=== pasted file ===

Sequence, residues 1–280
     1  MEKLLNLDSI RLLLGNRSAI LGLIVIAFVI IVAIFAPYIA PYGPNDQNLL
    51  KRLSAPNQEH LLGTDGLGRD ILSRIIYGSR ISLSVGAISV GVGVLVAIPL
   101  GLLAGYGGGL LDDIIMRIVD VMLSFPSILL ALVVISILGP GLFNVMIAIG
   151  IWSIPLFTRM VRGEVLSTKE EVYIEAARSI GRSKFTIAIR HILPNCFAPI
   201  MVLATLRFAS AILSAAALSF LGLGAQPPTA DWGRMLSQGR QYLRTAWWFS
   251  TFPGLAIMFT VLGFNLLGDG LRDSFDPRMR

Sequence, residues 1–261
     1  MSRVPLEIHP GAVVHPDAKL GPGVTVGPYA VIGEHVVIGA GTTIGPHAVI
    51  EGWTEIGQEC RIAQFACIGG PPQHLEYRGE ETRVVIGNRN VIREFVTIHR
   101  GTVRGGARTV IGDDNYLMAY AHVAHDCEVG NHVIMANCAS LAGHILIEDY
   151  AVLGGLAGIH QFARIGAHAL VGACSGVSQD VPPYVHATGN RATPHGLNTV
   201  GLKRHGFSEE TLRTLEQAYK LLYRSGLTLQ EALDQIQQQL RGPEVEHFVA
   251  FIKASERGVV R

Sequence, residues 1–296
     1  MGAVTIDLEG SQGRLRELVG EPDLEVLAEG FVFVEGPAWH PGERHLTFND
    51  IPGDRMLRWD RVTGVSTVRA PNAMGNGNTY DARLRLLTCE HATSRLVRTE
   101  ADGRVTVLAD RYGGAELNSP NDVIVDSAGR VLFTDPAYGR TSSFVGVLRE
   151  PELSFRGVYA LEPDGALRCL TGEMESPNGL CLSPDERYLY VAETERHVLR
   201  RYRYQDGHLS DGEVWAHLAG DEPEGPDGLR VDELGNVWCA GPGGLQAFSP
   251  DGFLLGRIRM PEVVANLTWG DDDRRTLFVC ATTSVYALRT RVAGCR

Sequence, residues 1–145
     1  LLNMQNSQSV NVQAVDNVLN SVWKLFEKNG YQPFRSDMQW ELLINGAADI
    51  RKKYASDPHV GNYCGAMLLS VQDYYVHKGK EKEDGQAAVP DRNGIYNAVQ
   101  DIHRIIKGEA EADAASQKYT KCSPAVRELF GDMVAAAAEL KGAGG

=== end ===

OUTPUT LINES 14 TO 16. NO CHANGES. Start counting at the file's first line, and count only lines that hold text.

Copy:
   251  FIKASERGVV R

Sequence, residues 1–296
     1  MGAVTIDLEG SQGRLRELVG EPDLEVLAEG FVFVEGPAWH PGERHLTFND